For the last two years, Moroccan authorities have been cracking down on Islamic State (IS) fighters' returning from the battlefields in Syria and Iraq. While they have been accused of turning a blind eye to the departure of hundreds of volunteers to jihad in the early days of the conflict in 2012, authorities are now arresting returnees, fearing they would get involved in terrorist activities at home.
This zero tolerance policy on returnees has prevented many from coming back to Morocco, with some remaining in Turkey, according to sources close to Salafists Al-Monitor spoke with.
Khalil Idrissi, a lawyer who has defended several returnees, draws attention to their motivations to return home. Many had been lured with promises of money, he told Al-Monitor, while others dreamed of living under their own interpretation of Islam and came back to their country disappointed with their experience with IS.
According to Abdelhak Khiame, the head of the Central Bureau of Judicial Investigations (BCIJ), affiliated with the Interior Ministry, at least 1,600 Moroccans have left to join diverse groups and more recently, mainly IS. During the last two years, about 70 were arrested while coming back to Morocco.
But critics point to the lack of rehabilitation programs and denounce a security approach that does not really address the roots of radicalization. “They simply jail them for two or three years; they are then released without any guidance. But their ideas do not change. Authorities have to create programs for detainees and do a follow-up after they are released. They have to open a dialogue with them and create social as well as economic programs to integrate them,” Abdelwahab al-Rafiqi, a former cleric and researcher known as Abu Hafs, told Al-Monitor.
According to Mohamed Masbah, an associate fellow at Chatham House, authorities became increasingly concerned with returnees as well as combatants trying to leave Morocco in 2014 with the rise of IS. He told Al-Monitor, “Royal Armed Forces joined the US-led anti-IS coalition forces in Iraq and Syria in September 2014. The intelligence services are a source of valuable information about transnational jihadi networks and work closely with several European countries. In addition, authorities targeted networks and cells of recruitment. This approach has prevented more than 500 prospective travelers from reaching Syria. Authorities arrested tens of presumed jihadis who pledged allegiance to Abu Bakr al-Baghdadi and/or had planned to perpetrate terrorist attacks in Morocco."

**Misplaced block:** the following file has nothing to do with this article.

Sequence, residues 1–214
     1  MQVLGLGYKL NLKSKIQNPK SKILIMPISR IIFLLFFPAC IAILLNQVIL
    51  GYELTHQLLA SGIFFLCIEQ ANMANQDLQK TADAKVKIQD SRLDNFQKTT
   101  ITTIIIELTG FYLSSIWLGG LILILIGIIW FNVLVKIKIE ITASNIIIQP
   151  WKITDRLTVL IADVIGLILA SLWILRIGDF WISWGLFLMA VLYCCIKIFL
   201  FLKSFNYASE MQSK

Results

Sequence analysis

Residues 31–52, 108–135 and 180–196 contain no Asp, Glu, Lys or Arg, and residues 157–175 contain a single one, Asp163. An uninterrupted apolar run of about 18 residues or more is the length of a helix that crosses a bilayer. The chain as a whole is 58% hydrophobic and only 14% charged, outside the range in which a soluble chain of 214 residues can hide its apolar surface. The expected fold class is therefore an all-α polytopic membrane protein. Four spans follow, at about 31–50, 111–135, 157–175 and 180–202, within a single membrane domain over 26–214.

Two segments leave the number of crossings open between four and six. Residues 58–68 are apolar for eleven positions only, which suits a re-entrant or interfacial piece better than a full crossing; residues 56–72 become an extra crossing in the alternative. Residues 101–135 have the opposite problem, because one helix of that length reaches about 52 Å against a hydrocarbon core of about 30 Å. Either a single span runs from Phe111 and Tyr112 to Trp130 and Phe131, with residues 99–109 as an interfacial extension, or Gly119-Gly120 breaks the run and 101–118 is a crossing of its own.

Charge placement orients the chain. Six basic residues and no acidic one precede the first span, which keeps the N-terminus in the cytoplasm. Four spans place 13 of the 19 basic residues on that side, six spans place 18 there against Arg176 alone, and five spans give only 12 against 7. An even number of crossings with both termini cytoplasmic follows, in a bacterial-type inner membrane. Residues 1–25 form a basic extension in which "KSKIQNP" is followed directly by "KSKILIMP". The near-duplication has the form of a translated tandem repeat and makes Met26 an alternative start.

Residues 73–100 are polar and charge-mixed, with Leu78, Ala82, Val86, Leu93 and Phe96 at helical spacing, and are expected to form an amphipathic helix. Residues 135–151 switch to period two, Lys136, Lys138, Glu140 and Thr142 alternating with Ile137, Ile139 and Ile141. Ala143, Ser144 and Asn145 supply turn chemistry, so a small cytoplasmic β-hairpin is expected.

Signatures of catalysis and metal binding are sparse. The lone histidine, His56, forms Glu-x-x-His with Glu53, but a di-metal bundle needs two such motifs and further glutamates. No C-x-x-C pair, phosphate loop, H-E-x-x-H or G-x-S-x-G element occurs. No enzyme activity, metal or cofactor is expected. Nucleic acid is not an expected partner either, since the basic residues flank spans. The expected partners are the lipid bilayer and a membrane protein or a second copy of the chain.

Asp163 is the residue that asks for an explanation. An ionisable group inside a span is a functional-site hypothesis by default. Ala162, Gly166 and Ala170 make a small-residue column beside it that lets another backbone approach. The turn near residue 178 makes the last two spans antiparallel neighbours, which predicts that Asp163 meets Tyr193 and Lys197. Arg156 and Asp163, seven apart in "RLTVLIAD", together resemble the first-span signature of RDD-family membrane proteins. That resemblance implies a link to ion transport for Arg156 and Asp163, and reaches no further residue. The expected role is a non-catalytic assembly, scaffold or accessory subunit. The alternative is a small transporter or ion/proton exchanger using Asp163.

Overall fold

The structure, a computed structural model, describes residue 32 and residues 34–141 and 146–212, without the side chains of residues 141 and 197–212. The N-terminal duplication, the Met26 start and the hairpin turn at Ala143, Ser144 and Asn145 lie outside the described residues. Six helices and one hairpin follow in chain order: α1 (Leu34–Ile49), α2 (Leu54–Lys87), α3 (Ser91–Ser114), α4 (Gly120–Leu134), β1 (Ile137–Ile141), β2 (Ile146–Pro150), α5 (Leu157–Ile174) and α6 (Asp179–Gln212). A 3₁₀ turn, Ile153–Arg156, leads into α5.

When the first wave of Moroccan combatants left to Syria and Iraq, they could easily get out of the country and travel there through Turkey. Several former detainees who had been charged with terrorism obtained travel documentation from the state and left Morocco without any difficulties, sometimes just days after being released, according to sources close to Salafi activists Al-Monitor spoke with.
But when they started to return to Morocco and as the terrorist threat increased, Moroccan authorities began to systematically arrest them. Since 2014, most of those who came back have been brought to court. In January 2015, the anti-terrorism law of 2003 was amended in order to criminalize joining groups outside Morocco. The BCIJ was created in March 2015, and has since officially dismantled more than 40 cells and arrested at least 548 people.
The first wave of departures began in 2012, at a time when the international community opposed Syrian President Bashar al-Assad’s regime. Many young people, among them some who were not following radical Islam or were not even close to jihadi groups, answered the call of renowned religious scholars. In February 2012, clerics such as Yusuf al-Qaradawi declared it was a duty to help those fighting against Assad. In December 2012, Morocco hosted the Friends of Syria conference in Marrakech, a go-ahead for volunteers to jihad, who interpreted this event as an encouragement to support the Syrian opposition and by extension, jihad.
In 2013, a new organization, which provided a network for Moroccans eager to go fight Assad’s regime, was created in Latakia, Syria. The group, Harakat Sham al-Islam, was almost exclusively composed of Moroccan combatants, among whom were Mohamed Mahzouz, Mohamed Alami and Brahim Benchekroun, three former Guantanamo detainees. The group was active between 2013 and 2016, and Moroccan fighters have split between Jabhat al-Nusra and IS for the most part, according to experts.